Mola-Mola & Vivid

Photo: John Atkinson

I have no idea where the name came from, other than the fact that it’s a sunfish whose graphic likeness occupies the circle logo that replaces the dash between Mola1 and Mola2 in the house that designer Bruno Putzeys and company co-founder Jan-Peter van Amerongen have built. Nor can I pretend that Mola-Mola’s aesthetics are any more elegant than the name. But I can tell you that the company, headquartered in the Netherlands, manufactures amplification components whose sound, driving Vivid’s G3Giya speakers ($40,000/pair) brought me oodles of delight.

Philip O’Hanlon, whose On a Higher Note imports Mola-Mola. Luxman, and Vivid, reports that Putzeys claims that the Mola-Mola preamplifier ($10,000) is the quietest ever made. An analog preamp with an analog remote control, it has an optional DXD-compatible DAC and equally optional phonostage with adjustable loading and mono EQ. Everything is controlled via iPad, and all five inputs are switchable between XLR and RCA.

The Molo-Mola monoblock amplifier ($14,990/pair, left in photo), based on Ncore class-D technology developed by Putzeys, claims audio performance that “runs rings around linear amplifiers of any description.” How’s that for throwing down the gauntlet? The Mola-Mola electronics and Vivid speakers were being demmed with a new Luxman DAC ($5490) that Jon Iverson explores in a brother blog.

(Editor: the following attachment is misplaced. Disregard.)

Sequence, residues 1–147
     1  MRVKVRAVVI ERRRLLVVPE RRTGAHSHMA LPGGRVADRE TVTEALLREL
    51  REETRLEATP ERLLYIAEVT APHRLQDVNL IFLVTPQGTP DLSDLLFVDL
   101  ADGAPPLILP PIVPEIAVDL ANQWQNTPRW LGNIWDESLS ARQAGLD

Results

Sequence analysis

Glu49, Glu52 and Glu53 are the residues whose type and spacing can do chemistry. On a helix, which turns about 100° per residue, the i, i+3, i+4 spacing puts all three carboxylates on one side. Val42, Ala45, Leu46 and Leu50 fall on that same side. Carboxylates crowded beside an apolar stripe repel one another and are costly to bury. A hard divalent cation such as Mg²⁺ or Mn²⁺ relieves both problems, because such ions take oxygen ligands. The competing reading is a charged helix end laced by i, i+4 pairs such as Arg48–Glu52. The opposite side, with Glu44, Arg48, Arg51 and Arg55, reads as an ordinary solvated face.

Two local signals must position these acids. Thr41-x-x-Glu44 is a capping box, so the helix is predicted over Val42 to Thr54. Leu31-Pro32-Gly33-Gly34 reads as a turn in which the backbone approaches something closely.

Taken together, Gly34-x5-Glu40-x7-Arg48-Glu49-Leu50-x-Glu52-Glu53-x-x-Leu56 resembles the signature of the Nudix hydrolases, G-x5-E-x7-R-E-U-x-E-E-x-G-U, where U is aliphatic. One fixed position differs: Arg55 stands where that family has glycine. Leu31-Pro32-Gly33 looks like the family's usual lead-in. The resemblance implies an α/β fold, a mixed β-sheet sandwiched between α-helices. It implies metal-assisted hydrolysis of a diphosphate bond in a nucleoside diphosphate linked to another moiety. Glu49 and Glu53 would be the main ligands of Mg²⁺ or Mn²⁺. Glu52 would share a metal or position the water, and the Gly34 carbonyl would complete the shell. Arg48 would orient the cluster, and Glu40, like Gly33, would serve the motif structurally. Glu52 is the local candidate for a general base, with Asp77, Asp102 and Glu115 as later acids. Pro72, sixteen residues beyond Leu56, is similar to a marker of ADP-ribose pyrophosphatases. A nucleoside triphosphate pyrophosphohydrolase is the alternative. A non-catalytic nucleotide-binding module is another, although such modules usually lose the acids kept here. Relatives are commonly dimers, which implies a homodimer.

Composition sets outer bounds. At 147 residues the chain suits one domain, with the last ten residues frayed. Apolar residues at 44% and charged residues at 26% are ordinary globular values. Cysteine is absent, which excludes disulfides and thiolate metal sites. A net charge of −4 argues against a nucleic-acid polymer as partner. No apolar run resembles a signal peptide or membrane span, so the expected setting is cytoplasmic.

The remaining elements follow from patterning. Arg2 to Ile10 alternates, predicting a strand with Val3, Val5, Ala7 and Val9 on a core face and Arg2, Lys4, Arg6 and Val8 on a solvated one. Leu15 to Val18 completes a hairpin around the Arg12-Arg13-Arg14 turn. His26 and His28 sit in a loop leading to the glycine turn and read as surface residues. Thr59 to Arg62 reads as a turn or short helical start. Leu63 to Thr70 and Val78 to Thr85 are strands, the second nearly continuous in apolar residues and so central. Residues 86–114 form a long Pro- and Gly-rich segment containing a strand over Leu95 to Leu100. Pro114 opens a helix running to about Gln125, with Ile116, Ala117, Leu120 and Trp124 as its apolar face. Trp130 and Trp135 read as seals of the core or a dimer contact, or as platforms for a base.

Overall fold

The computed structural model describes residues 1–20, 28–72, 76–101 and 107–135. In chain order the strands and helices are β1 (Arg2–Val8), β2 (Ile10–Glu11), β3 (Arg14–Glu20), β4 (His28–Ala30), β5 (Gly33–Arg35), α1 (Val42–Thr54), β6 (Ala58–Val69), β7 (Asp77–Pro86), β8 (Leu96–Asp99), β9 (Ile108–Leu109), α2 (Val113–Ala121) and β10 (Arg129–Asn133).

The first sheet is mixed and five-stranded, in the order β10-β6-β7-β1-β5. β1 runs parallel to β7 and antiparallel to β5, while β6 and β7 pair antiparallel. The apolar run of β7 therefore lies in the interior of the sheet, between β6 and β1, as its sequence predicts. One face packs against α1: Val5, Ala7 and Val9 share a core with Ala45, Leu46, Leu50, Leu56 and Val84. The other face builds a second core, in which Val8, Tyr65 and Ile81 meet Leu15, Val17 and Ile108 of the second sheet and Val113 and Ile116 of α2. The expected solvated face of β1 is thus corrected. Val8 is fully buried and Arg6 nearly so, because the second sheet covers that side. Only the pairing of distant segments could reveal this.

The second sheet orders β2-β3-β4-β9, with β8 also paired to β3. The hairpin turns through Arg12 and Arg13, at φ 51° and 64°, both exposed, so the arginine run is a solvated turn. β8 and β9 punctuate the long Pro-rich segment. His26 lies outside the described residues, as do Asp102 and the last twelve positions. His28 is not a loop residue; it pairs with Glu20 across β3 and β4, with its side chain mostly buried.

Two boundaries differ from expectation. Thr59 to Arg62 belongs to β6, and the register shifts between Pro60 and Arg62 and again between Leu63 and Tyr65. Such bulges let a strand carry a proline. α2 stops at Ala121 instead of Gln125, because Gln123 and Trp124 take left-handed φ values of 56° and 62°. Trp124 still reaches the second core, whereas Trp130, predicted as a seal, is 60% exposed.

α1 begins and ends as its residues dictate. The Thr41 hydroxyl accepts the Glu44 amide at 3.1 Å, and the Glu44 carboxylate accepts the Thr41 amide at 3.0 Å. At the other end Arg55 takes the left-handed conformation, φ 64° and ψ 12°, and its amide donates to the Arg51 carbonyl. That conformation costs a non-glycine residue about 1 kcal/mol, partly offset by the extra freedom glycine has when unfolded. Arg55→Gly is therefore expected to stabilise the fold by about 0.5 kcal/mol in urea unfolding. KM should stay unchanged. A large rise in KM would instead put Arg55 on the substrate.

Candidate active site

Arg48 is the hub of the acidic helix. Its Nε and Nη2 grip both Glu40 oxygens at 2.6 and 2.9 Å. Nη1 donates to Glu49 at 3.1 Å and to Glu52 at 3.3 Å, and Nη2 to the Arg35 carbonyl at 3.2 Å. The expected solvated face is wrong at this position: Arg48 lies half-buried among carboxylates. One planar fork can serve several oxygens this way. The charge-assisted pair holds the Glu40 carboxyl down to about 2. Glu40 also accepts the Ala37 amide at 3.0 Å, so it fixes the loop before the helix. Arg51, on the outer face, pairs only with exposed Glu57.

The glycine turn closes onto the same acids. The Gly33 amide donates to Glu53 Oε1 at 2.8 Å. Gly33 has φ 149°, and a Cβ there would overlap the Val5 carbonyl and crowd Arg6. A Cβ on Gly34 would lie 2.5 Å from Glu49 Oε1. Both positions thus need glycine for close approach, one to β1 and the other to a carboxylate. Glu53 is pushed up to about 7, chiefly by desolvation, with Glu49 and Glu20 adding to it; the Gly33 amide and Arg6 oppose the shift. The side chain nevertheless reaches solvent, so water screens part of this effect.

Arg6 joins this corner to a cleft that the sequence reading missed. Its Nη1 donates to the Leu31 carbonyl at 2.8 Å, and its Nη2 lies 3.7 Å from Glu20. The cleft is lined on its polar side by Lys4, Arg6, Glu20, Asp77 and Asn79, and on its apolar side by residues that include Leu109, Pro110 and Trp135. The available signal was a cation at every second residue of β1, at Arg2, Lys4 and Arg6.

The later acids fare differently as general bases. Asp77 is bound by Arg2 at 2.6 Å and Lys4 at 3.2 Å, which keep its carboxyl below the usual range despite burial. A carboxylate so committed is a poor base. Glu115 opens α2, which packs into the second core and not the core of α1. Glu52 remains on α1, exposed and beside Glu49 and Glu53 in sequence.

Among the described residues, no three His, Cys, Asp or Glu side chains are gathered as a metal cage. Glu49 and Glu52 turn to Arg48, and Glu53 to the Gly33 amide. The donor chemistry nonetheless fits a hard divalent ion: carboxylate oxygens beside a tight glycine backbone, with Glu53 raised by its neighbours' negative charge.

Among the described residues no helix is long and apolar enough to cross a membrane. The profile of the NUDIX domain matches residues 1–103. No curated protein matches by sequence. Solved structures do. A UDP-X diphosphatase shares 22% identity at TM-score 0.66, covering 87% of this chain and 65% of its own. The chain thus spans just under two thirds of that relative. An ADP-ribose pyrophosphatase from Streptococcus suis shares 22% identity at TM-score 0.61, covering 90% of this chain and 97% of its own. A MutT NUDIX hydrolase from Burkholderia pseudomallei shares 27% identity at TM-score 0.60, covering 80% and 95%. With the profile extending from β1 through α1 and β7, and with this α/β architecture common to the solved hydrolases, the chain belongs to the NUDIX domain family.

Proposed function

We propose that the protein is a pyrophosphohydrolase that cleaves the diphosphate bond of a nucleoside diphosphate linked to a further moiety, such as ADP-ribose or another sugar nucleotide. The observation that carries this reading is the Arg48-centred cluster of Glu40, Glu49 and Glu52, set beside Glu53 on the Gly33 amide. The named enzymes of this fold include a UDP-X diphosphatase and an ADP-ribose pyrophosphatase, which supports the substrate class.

Intent on delighting Stereophile staff members, several of whom visited his suite in the Mirage at the same time, O’Hanlon pitched me Doris Day’s camp-and-a-half version of “Somewhere Over the Rainbow.” Thus did the sun shine, both in the sky above and on the Mola-Mola sea below, until the Pink Panther stole into the suite. Terrified by such realism, I fled… with a big smile across my face.